Whenever Brian Cox isn't onscreen, 'Blumenthal' is a New York Jewish intellectual comedy conspicuously lacking in wit or intellect.
The playwright Harold Blumenthal is already dead at the start of “Blumenthal,” and so, for the most part, is the movie, a limp facsimile of a Woody Allen ensembler set in a familiar world of New York Jewish intellectuals — minus only the wit, and the intellect. An extended cameo by Brian Cox as the eponymous scribe proves a mildly amusing balm in this otherwise resoundingly unfunny affair designed as a showcase for writer-director-star Seth Fisher, whose comic gifts remain well hidden even after the end credits have rolled. Following an undistinguished fest run in 2013, the pic opens in limited theatrical release this weekend with VOD soon to follow.
Cox, who gave one of his most memorable screen performances as the real-life screenwriting guru Robert McKee in Spike Jonze’s “Adaptation,” doesn’t strike one as particularly Semitic, but otherwise makes a good fit for the role of the Neil Simon-ish Blumenthal (sample play title: “Born Again Shiksa”), who keels over while laughing at one of his own jokes during his latest opening night. For the rest of the film, Blumenthal is seen only in excerpts from a “Charlie Rose”-style TV interview, clearly in thrall to his own pompous bloviations as he takes questions from an offscreen interviewer (Bill Sage).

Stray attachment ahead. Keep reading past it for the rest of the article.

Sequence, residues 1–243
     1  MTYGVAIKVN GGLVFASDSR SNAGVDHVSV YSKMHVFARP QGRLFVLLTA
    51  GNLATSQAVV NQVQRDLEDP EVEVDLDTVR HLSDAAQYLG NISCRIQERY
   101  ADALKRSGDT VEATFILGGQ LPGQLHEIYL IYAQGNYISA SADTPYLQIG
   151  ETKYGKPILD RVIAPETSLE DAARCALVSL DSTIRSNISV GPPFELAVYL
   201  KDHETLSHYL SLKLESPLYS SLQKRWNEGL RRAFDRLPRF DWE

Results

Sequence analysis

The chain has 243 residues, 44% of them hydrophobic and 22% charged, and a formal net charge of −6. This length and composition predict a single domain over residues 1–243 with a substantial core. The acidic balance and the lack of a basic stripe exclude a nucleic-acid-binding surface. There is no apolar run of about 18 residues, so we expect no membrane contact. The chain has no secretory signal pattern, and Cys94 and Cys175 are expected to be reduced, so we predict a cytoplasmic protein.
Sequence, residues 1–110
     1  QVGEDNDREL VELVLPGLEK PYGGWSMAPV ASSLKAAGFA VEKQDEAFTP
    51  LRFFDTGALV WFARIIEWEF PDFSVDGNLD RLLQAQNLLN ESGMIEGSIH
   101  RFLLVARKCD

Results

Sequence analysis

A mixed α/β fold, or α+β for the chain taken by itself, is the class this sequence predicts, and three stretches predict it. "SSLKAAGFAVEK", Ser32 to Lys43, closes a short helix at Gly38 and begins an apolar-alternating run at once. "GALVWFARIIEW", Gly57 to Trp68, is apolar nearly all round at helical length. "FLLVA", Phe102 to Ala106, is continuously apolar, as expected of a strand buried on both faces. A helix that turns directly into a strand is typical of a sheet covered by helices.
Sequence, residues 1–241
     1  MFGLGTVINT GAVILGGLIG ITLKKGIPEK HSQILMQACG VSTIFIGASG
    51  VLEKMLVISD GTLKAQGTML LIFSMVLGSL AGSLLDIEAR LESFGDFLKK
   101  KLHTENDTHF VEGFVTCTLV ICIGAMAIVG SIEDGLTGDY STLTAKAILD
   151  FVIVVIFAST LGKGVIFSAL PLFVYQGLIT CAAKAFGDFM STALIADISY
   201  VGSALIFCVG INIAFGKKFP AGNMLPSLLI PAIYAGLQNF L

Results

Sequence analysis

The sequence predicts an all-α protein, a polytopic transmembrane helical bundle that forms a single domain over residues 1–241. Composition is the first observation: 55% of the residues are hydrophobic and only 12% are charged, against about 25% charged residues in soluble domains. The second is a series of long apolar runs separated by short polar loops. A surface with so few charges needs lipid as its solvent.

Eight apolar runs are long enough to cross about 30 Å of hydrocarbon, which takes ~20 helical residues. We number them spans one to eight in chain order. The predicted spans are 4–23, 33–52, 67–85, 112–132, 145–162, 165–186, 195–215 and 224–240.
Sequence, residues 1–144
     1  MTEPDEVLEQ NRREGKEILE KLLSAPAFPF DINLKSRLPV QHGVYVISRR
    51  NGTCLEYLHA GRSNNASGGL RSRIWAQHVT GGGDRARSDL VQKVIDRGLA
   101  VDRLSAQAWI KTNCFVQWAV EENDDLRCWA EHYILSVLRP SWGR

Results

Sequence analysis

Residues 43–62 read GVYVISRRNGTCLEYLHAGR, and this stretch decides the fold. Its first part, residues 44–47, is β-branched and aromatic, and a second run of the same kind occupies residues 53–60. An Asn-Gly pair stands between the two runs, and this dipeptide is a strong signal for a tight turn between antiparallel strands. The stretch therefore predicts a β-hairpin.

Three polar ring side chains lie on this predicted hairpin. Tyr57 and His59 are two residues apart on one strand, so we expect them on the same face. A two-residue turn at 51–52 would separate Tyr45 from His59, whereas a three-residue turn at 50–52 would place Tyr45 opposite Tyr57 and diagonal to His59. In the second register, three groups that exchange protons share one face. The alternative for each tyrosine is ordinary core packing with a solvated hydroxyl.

The movie means to be about how Blumenthal’s death ripples through the lives of his friends and family — none of whom, it seems, knew him all that well or liked him very much. They include his estranged college-professor brother, Saul (Mark Blum), who hasn’t forgiven Harold for lifting large chunks of his plays directly from Saul’s own published memoirs; Saul’s wife, Cheryl (Laila Robins), who got her break in Harold’s plays and hasn’t had a good part in years; and their son Ethan (Fisher), a pharma rep with a slew of intimacy and commitment issues. Ethan also can’t quite manage to find a comfortable pair of shoes — which, as the movie’s running gags go, places slightly higher than the one about Saul’s post-traumatic constipation.
The characters and their assorted crises seem to have been given about as much thought as the jokes. Because Cheryl is a woman of a certain age, she must therefore be sex-starved by her inattentive husband — so much so that she makes a fool of herself by lusting after the (obviously gay) neighborhood dog walker. Ethan, meanwhile, seems to take after Dad in the feminine sensitivity department, jettisoning his latest girlfriend over such transgressions as slurping her breakfast cereal too loudly. A little of this character — and of Fisher’s preening, love-me performance — goes a very long way.
Much of the movie turns on Ethan’s hunt for a lifetime achievement award won by Harold and now coveted by Saul for his own mantle. This brings him into contact with the movie’s two most spirited performers: the great Fred Melamed (“A Serious Man”), who turns his every purring utterance into a simultaneous confession, confidence and seduction as Harold’s longtime agent; and the lovely Nicole Ansari (the real-life Mrs. Cox) as a mystery woman who had her own complex relationship to the late writer and his work. She holds the screen with a grace and poignancy that suggests something no other character in “Blumenthal” quite seems to possess: an inner life.
Some nice Manhattan location shooting enlivens pic’s otherwise flat visuals, while the soundtrack benefits from multiple up-tempo tracks by Los Angeles-based swing/jazz band Noah and the MegaFauna.